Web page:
Cycladic, Minoan, Mycenaean, and Archaic Greek Mythology
The Mycenaens and Homer
Who were the Mycenaeans?
The Mycenaeans were a Greek-speaking people who arrived in Greece sometime around 2000 B.C.E. and whose major centers are known to us primarily through the epics of Homer. Most important of these cities was Mycenae, the city of the quasi-legendary King Agamemnon, the leader of the Greeks—also called Achaeans or Danaans—in the Trojan War described by Homer in the Iliad. The Mycenaeans, unlike the Minoans, were a warlike people with castle towns dominated by princely aristocrats. They did have advanced jewelry, architecture, and other arts and crafts, however, and were influenced in these pursuits, as in their religion and mythology, by the Minoans, whom they conquered in about 1400 B.C.E.
Other than the list of deities listed above, little is really known about Mycenaean religion and mythology. Linear B was not conducive to literary practices. Stories and myths would have been told orally and passed down through the generations that way. As the Minoan-Mycenaean deity list indicates, we can say, however, that many of the Olympian gods whom we associate with the mythology of classical Greece were already known and presumably worshipped in Mycenae.
The Mycenaean civilization had fully deteriorated by 1100 B.C.E. for reasons that are unclear but that perhaps can be attributed to the invasion of another Greek-speaking people, the Dorians. In any case, the end of the Mycenaean civilization marked the beginning of the so-called Dark Ages in Greece, a period of social and cultural stagnation that lasted until the emergence of a new writing system in the late eighth century B.C.E., a system in which an alphabet devised by the Phoenicians was adapted to Greek. The end of the Dark Ages and the beginning of the so-called Archaic Age was also marked by the two poets, known to us as Homer and Hesiod, who probably composed orally sometime in the eighth century B.C.E.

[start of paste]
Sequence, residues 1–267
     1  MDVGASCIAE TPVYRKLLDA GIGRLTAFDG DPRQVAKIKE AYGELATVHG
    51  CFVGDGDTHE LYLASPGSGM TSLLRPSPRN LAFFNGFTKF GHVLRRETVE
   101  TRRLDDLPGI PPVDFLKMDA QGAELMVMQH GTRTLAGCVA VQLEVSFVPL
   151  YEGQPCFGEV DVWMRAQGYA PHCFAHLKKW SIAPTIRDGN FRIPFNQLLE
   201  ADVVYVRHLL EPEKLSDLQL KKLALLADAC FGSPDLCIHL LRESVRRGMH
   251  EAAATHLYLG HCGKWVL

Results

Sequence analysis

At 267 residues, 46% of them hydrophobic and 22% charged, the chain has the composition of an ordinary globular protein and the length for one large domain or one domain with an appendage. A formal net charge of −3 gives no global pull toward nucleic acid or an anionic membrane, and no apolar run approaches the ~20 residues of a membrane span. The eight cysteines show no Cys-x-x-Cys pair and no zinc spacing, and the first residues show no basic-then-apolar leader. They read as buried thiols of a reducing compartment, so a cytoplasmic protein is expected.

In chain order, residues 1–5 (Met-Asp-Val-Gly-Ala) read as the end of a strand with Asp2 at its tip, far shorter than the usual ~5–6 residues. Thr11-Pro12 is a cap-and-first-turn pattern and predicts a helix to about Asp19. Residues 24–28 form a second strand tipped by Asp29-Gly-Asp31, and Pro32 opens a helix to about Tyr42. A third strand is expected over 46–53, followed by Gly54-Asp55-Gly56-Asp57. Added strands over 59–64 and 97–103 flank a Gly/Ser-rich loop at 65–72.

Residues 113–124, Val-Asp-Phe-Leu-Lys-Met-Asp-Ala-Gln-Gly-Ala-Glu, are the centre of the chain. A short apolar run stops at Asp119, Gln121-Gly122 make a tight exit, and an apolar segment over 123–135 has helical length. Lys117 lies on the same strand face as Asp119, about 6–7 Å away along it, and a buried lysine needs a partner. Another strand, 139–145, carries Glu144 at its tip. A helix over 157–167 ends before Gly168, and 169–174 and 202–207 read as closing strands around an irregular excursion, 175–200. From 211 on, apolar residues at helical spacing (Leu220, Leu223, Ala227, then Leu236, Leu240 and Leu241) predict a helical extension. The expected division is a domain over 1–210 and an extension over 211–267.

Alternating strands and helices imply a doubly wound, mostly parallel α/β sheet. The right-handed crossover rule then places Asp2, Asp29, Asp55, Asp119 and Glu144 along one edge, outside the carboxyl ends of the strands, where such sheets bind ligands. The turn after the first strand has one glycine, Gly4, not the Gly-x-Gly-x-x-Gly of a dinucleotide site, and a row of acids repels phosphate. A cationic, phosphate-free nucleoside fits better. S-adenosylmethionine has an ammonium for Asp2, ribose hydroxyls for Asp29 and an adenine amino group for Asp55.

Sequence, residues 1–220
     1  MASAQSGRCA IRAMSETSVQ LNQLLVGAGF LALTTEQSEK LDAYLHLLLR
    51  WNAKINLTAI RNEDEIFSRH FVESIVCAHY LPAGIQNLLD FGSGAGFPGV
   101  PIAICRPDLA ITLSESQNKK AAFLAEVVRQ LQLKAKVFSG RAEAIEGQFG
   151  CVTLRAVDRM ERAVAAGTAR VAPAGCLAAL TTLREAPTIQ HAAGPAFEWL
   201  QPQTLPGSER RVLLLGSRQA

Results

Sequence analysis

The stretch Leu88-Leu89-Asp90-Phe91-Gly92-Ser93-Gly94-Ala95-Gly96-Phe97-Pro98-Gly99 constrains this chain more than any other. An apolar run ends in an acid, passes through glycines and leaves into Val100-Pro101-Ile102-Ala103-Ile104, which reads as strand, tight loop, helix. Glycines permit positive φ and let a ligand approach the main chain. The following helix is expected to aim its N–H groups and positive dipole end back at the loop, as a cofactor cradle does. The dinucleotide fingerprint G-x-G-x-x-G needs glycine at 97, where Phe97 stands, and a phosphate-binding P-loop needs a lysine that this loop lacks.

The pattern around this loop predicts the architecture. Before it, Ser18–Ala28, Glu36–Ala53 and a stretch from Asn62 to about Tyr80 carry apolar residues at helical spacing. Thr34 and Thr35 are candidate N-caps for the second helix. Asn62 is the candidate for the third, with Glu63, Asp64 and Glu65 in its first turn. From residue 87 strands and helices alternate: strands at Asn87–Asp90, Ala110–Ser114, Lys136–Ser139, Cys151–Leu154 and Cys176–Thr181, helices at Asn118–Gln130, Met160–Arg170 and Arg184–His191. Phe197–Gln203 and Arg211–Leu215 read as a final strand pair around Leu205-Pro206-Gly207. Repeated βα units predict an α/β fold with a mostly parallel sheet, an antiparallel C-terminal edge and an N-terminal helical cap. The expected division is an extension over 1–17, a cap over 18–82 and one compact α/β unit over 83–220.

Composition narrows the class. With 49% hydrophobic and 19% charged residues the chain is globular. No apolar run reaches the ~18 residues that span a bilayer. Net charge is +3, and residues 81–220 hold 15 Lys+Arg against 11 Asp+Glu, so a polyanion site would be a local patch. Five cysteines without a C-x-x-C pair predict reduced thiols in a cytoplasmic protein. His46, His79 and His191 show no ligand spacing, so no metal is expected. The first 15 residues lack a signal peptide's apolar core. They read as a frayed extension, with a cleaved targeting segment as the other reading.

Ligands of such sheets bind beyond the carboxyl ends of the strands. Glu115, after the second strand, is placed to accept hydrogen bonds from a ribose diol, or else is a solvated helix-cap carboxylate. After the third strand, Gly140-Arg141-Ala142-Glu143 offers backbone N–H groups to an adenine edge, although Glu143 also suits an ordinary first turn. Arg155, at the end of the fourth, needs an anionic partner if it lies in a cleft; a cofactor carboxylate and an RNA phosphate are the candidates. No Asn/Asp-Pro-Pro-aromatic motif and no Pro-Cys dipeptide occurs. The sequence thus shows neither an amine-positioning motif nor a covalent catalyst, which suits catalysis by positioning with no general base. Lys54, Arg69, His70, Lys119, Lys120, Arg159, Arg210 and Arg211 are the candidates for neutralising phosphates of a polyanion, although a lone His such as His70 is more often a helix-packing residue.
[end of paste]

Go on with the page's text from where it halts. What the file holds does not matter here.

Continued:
Our view of the Mycenaeans is derived in great part not only from archeological ruins, but from Homer’s description of them in his epics. It should be remembered, however, that Homer had no written historical records on which to build; he would have depended for his sources on a word-of-mouth transmission of stories that spanned a period of 350 to 400 years.